An Englishman's Home by David Bottomley
David came to the Who are we now? workshop in London in the winter of 2018. He is a poet, playwright, short story and memoir writer and keen European. His plays have been performed in the UK and US and his stories have been shortlisted for prizes. He is currently writing a full-length memoir
Standing at a bar three deep, queuing up to get served but every time I get near someone else pushes in front and waves their note in the air. When I do finally make it, I can’t get served because the barrel has just run out on my favourite beer. They stopped serving food the minute I walked through the door. The bar staff are all new and, when I look closer, I notice all the regulars are now strangers. It turns out this is the last week the pub is trading before shutting its doors after a hundred and seventy five years. The property has been bought in a secret deal by a silent consortium of offshore property developers. It’s going to be turned into another block of flats.
I must have smelt the rot before it properly took hold. I had started searching online in early 2016 for the perfect house with an inspiring view. Somewhere in the French rural countryside with a view of the hills, a swimming pool and as many bedrooms as I could afford, so guests could come and stay and I could run retreats.
Of course, the French with the rest of civilised Europe, would never allow the indignity of having to fight over trying to get served in a bar. The waiter would come to my table, take my order and bring my drink on a tray with accomplished aplomb. Almost as though the customer were being rewarded for patronising their establishment.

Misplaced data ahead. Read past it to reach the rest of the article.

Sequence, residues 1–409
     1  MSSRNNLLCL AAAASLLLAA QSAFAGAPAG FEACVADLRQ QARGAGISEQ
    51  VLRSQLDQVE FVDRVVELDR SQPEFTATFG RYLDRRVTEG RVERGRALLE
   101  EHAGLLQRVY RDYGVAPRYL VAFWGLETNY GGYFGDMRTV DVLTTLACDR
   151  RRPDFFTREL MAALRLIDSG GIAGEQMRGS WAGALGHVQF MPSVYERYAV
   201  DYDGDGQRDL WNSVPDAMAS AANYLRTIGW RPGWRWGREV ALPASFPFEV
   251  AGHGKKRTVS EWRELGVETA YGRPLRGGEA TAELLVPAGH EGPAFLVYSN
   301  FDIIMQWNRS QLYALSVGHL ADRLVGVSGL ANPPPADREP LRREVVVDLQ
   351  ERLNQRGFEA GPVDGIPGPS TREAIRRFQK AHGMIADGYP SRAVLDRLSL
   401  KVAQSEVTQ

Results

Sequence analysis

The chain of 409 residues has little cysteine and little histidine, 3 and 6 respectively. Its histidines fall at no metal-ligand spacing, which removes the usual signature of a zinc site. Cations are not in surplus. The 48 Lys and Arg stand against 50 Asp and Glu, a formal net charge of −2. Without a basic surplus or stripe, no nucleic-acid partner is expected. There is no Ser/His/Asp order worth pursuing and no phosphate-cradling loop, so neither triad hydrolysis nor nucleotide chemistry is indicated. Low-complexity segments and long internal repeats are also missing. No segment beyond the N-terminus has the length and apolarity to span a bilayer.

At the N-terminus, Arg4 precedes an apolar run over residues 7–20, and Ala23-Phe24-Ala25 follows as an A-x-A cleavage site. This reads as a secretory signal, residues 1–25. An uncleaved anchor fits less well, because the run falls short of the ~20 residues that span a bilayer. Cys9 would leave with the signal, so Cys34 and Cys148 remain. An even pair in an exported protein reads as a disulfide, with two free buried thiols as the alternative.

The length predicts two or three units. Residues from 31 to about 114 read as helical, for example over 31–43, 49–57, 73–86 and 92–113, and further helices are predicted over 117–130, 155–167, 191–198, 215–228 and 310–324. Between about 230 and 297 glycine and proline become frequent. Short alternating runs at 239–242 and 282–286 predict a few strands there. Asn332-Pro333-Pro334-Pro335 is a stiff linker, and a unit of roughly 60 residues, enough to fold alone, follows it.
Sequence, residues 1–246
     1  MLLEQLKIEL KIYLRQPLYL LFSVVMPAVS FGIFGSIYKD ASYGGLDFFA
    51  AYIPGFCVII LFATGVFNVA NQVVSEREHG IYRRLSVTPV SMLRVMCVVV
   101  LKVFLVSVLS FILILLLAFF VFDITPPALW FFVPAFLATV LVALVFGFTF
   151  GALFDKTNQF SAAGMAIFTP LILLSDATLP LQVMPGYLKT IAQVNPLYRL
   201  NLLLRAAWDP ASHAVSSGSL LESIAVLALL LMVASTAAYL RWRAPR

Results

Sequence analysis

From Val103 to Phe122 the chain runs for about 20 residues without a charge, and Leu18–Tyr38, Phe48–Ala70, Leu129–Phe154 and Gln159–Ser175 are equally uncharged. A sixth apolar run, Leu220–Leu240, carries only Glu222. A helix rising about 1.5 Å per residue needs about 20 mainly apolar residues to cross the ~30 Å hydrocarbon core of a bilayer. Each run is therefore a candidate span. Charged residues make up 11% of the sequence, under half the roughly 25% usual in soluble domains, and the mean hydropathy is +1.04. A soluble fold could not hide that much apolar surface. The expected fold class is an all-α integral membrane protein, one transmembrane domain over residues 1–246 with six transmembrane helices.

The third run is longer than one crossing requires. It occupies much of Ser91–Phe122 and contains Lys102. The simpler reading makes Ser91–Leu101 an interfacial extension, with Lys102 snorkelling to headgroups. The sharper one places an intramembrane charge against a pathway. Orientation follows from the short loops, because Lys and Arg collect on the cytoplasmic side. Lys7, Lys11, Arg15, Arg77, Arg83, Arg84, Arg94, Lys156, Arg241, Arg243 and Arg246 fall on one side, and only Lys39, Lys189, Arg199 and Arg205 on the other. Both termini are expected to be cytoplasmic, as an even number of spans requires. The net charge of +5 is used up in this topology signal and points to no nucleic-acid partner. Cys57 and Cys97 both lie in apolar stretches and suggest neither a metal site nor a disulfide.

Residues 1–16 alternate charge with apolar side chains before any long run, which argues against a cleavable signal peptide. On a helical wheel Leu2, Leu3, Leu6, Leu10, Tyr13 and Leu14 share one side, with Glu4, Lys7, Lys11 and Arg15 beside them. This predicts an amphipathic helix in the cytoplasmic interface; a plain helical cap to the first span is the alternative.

The exchange rate for Euros was very favourable that summer. It was surprising how much one could buy for sterling abroad compared to London and the rest of the best, picturesque UK. Gone were the days where a whole chateau lay waiting to be my foreign castle in the air but there were still substantial homes in beautiful settings in France’s various departments.
By May I was thinking that, instead of all this window-shopping, maybe I should just take the plunge? Sell my flat in London and buy a mini chateau in France? There was one in the north, near Normandy, an eight-bedroom village house with long outbuildings that had been used as an antiques business, each room wonderfully decorated and of great proportions.
There was so much to think about. Where in France is the best place to live? Do you want to drive down from the ferry or fly to the nearest airport and drive? How long a journey can you bear? What type of climate can you endure?
Maybe I could go and view a few promising properties?
That February I had started dating a tall, outdoor loving, freelance chef from Guildford, a good few years younger than me, with a headstrong personality, whose dream was to run her own bed and breakfast. In September we arranged to go on a grand road trip holiday in her new VW Golf, camping through France. We plotted our route on the map, so we stopped at the places we each wanted to visit. It was to be a culinary feast, tasting the produce of regional food markets, cheeses, wines and restaurant cuisine as well as something of a cultural artistic and exploratory pilgrimage.
Then, in June, the unthinkable happened, the result of the referendum came in. We were gobsmacked. Dazed. House prices in London tumbled by a hundred thousand. Sterling plummeted. No one wanted to move until they knew what the hell was happening with the country, including me. Feeling of paralysis. Life on hold. Going backwards, as though the life we’d lived hadn’t somehow happened.